Still Recounting Ohio
It is noteworthy that in "Recounting Ohio" Mark Hertsgaard specifically points to the lack of major media coverage of stolen election charges then goes on to rebut charges that have never seen the light of day in major media or in Mother Jones.
Hertsgaard is content that having found a couple of noises in the night that he believes were nothing, then the rest of those noises needn't be a bother. It is an apologia for a very flawed system that, even if it worked perfectly, contains at the heart of elections a piece of secret vote-counting software that even elections officials are not allowed to know about.
PAUL R. LEHTO
What I find most suspicious about the 2004 election is that as far as I can tell every questionable vote count and discrepancy was in Bush's favor. Were there discrepancies that favored Kerry?
It would not have taken-as Hertsgaard maintains-a conspiracy by the entire Republican Party to steal the election. A tweaking of the result by a rogue election director here or a board there, on top of acknowledged ploys such as the shortage of voting machines in Democratic districts, would have sufficed.
Hertsgaard expresses skepticism about the evidence uncovered by my House Judiciary Committee staff and others regarding the deliberate disenfranchisement of voters in Ohio, while expressing disdain for the "know-it-all" tone of skeptics. However, on the involvement of Triad GSI in the manipulation of recount results, he appears to have fallen victim to the same tone.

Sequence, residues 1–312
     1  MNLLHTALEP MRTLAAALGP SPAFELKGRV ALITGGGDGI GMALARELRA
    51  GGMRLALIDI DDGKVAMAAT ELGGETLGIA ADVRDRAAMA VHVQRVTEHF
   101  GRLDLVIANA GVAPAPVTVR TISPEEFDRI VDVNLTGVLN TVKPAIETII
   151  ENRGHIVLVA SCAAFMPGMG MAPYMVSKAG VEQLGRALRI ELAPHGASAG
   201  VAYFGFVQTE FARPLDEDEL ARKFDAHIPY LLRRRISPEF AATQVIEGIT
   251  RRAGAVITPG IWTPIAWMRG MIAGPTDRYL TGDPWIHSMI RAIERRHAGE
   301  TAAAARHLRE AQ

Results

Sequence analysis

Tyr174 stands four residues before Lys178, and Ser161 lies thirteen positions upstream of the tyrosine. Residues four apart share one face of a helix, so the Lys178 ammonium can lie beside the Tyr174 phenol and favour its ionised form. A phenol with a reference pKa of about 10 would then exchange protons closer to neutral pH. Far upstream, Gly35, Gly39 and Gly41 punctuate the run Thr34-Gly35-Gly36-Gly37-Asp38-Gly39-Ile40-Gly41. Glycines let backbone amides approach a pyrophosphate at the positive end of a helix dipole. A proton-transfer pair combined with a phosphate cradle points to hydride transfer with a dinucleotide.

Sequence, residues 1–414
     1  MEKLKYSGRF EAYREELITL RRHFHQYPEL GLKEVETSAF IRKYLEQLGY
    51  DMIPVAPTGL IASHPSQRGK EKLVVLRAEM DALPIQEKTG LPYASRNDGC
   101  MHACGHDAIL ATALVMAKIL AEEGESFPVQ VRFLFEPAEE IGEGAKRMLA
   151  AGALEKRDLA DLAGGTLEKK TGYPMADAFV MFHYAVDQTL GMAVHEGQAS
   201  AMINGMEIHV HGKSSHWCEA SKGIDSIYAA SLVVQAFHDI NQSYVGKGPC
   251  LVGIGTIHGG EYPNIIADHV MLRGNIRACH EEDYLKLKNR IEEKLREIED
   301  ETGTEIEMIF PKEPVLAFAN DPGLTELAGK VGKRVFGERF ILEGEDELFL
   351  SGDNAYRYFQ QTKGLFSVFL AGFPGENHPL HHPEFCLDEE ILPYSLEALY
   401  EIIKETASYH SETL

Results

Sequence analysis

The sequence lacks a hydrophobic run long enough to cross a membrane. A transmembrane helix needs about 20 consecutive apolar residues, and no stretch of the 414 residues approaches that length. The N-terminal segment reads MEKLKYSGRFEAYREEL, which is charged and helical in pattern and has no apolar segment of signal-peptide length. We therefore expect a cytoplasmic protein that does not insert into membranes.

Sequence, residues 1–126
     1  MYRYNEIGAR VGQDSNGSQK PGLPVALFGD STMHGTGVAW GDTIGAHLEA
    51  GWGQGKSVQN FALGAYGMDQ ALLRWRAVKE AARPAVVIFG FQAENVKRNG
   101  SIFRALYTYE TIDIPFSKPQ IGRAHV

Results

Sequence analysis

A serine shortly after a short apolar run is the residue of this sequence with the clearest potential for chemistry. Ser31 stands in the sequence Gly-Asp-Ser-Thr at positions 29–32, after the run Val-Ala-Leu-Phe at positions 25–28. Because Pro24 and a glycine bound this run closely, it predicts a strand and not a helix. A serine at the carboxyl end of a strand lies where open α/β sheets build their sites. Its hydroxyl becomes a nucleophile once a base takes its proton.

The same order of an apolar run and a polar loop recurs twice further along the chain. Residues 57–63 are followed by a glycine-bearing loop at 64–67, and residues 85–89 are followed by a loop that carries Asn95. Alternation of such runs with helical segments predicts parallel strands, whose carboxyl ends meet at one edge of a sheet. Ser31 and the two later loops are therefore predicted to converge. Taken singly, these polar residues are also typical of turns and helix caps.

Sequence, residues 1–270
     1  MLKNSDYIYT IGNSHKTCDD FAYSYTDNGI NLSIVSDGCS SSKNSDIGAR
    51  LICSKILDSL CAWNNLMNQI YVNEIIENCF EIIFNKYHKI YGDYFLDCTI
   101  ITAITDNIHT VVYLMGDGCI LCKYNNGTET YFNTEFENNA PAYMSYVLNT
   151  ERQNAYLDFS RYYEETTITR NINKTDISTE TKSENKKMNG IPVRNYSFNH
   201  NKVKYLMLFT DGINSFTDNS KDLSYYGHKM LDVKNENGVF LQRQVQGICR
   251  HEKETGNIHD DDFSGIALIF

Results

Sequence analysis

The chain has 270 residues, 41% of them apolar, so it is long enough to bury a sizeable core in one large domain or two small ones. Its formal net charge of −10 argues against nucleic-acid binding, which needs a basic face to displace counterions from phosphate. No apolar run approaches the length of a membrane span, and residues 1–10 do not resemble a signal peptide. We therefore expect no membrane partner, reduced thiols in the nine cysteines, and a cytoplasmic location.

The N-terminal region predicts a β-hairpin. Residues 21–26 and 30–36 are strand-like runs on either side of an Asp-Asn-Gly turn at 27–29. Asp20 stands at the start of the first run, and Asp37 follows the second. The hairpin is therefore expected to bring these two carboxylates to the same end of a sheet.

Hertsgaard correctly recounts that a central charge in the report was the posting of a "cheat sheet" that would be referred to to alter hand-count totals so that they matched Election Day totals and to thereby avoid a full hand count. He pronounces that this fact is "news to Triad." It shouldn't be. As the report notes, I have a videotape and transcript of a public hearing and interview in which the Triad employee casually admits that he produced the document. Specifically, when asked whether he was altering the tabulating software because he was "...trying to help [Hocking County voting officials] so that they wouldn't have to do a full recount," the Triad employee answered, "Right." When asked whether any of the counties that he visited had to do a full recount after the software was altered, the employee's response was, "Not that I'm aware of."
The importance of looking into what went wrong in Ohio is not to change or complain about the outcome, but to use what we have learned to restore trust in our election system. Certainly, self-interested companies will deny their own complicity in election irregularities. However, I would have hoped that Mother Jones would not have taken those companies at their word but examined documentary evidence to the contrary.
REP. JOHN CONYERS JR.
As I wrote in my article, some of the skeptics' key charges about Ohio 2004 are well founded, but many did not check out. …